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Alan Petersime

State board members: How can Indiana cut costs for testing?

The state might have to live with a more expensive state test, at least for 2016, unless the legislature quickly makes good on an idea it is considering to ditch ISTEP altogether and moves up the timeline to do it.

Indiana State Board of Education members today demanded answers about why proposals to change Indiana’s state tests for the future are projected to up costs in the next few years, based on winning bids announced Wednesday for companies who want to make those tests.

“We are spending an obscene amount of money on federally mandated standardized tests,” Board member Andrea Neal said. “Looking at the scope and size of the winning assessment bids yesterday, we’re clearly poised to spend more time and money teaching the test.”

The Indiana Department of Administration awarded the bid for the 2015-16 ISTEP test to the British testing company Pearson over the company that traditionally has created the test, CTB-McGraw Hill. California-based CTB-McGraw Hill had a four-year, $95 million contract to create ISTEP that expired last year. Five other testing companies received bids for other parts of the state’s testing system, such as end-of-course exams and practice tests, that total a projected $133.8 million during the next two years.

But the Indiana Department of Administration’s Jessica Robertson cautioned that those costs are not yet final. The losing companies can appeal the awards by next week, she said. After that, the state board and Indiana Department of Education can begin to negotiate changes to the exams with the winning companies that could bring down the price.

Even so, next year’s test almost certainly will be more expensive than previous tests, said Michele Walker, the education department’s testing chief, because the 2016 ISTEP would add new tests for grades 9 and 10.

“Our assessment costs now compared to new one is a little like apples to oranges,” Walker said.

But Neal said a discussion about changing state tests should wait until there is clear direction from the state legislature. Lawmakers have said they are reluctant to add new money to pay for much more expensive tests to the education department’s budget. In addition, Senate Bill 566, which the House is expected to hear soon, proposes the state scrap ISTEP entirely and replace it with a nationally administered test, such as the Iowa Test of Basic Skills, for the 2016-17 school year.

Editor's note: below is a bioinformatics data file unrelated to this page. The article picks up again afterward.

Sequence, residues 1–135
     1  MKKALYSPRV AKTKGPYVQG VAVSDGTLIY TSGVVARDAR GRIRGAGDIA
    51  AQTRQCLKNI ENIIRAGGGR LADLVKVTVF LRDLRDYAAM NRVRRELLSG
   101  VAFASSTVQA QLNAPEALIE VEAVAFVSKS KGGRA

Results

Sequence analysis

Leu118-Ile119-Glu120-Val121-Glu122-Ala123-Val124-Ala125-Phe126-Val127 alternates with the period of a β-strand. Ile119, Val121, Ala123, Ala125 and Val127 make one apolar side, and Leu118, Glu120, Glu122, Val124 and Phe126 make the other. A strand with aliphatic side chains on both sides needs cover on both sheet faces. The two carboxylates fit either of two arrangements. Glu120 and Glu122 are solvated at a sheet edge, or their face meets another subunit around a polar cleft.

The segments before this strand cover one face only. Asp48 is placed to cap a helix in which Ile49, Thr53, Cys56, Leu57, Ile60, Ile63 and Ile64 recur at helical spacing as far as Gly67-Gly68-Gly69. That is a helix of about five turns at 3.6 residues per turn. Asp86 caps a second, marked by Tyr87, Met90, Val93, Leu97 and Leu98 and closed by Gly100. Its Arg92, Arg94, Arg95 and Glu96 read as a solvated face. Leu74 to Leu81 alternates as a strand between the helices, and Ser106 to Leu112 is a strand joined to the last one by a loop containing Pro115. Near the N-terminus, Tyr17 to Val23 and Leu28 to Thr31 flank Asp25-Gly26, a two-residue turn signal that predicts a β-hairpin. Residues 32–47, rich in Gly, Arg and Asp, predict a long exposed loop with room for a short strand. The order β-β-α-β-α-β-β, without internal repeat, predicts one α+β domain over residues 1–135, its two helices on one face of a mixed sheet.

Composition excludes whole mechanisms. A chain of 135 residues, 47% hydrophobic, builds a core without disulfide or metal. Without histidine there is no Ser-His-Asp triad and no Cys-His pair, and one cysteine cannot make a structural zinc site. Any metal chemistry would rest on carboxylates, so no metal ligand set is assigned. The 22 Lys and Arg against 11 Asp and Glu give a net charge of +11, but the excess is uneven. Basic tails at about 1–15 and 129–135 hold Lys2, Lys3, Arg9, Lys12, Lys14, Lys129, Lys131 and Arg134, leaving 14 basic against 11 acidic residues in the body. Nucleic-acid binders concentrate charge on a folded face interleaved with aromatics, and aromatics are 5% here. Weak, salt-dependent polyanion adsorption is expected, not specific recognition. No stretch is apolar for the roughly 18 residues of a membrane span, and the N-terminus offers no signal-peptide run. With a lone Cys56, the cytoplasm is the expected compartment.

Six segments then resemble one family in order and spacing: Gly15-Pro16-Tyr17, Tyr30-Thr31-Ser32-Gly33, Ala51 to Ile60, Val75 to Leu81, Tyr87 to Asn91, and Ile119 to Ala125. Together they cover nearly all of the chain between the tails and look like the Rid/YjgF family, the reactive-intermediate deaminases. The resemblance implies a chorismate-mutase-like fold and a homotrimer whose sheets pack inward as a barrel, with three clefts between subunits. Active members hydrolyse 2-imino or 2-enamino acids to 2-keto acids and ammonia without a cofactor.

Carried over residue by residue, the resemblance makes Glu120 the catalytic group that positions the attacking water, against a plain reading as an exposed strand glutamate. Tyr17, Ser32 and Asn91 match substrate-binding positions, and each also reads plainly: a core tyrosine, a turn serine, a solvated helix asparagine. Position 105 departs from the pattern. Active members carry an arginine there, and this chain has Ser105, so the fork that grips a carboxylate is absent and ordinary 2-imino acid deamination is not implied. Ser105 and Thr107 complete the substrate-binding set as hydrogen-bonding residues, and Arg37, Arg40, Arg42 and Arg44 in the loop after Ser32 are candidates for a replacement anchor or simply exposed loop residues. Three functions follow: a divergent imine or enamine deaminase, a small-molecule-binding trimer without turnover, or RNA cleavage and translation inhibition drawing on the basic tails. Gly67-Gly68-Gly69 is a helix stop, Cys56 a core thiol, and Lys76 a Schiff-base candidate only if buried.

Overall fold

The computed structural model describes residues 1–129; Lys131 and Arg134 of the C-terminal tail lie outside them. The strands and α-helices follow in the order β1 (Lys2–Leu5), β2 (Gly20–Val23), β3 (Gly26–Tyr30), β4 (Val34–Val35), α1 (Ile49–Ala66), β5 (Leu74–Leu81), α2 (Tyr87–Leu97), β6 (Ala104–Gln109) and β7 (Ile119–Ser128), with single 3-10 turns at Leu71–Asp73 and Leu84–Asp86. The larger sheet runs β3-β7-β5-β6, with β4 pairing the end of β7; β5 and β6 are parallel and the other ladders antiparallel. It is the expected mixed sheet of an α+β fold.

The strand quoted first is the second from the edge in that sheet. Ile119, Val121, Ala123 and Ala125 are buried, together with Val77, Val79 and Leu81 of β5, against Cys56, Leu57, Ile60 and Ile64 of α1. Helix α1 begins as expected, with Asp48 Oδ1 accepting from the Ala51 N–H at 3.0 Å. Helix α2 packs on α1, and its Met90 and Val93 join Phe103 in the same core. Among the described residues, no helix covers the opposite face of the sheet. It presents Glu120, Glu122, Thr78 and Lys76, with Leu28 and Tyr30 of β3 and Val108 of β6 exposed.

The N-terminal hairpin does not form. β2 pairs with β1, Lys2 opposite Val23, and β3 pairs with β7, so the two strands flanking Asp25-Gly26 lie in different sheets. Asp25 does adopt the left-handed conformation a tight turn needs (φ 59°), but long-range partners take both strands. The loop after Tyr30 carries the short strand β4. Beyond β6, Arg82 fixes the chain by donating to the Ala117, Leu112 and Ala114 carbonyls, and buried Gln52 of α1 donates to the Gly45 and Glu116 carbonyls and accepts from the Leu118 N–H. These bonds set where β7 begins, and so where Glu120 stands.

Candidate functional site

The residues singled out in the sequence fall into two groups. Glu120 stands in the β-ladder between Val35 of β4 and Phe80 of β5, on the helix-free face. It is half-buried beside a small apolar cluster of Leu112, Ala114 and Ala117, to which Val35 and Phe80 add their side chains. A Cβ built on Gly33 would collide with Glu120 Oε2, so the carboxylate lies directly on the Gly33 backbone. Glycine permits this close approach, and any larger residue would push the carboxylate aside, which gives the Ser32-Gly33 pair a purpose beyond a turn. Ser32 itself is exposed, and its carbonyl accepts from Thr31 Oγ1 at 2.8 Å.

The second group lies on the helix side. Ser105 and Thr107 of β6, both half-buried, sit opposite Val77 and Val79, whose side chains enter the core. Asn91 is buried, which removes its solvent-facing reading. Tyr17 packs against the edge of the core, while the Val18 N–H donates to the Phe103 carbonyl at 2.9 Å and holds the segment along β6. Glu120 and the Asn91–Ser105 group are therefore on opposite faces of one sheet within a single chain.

But even if the state sticks with the companies that won the bid and the plan they would follow, the state board’s testing and accountability director, Cynthia Roach, said there are changes that could cut the proposed two-year, $133 million price tag for the state testing program.

She suggested the state look at re-using older test items it owns that still connect to new Indiana academic standards, cutting down on expensive copyrighted reading passages and eliminating practice tests for kindergarten to second grade in social studies and science.

Aside from cost concerns, some board members weren’t happy with the process that led to the selection of Pearson to create ISTEP. Cari Whicker, a board member and teacher, pointed out that, under the state’s scoring system to evaluate the bids, Pearson ranked third of four companies that bid on ISTEP for both cost and quality but won the bid anyway.

“I look at this, and I think the kids are getting cheated, the taxpyaers are getting cheated,” Whicker said. “And I feel cheated.”

Robertson said the bidding companies were judged on several factors, including cost, quality and the economic benefit to Indiana. But board member Gordon Hendry said it appeared Pearson’s winning advantage came through extra points it earned for economic impact. It was very close to its competitors on price and quality, Hendry said, but got far more points for creating an economic benefit for Indiana.

That perplexed Neal.

“The company having the largest Indiana impact is a international conglomerate based in Britain?” she asked. “This is supposed to favor Indiana companies.”

Robertson said the process was the very same that is used for any state agencies to hire outside contracts.

“We advertised early on that we were considering multiple factors, and quality is one of those as well as cost, and those are the main point drivers,” Robertson said. “At the end of the day, this is what came of it. At the end of the day, our actions meet what we advertised we would do.”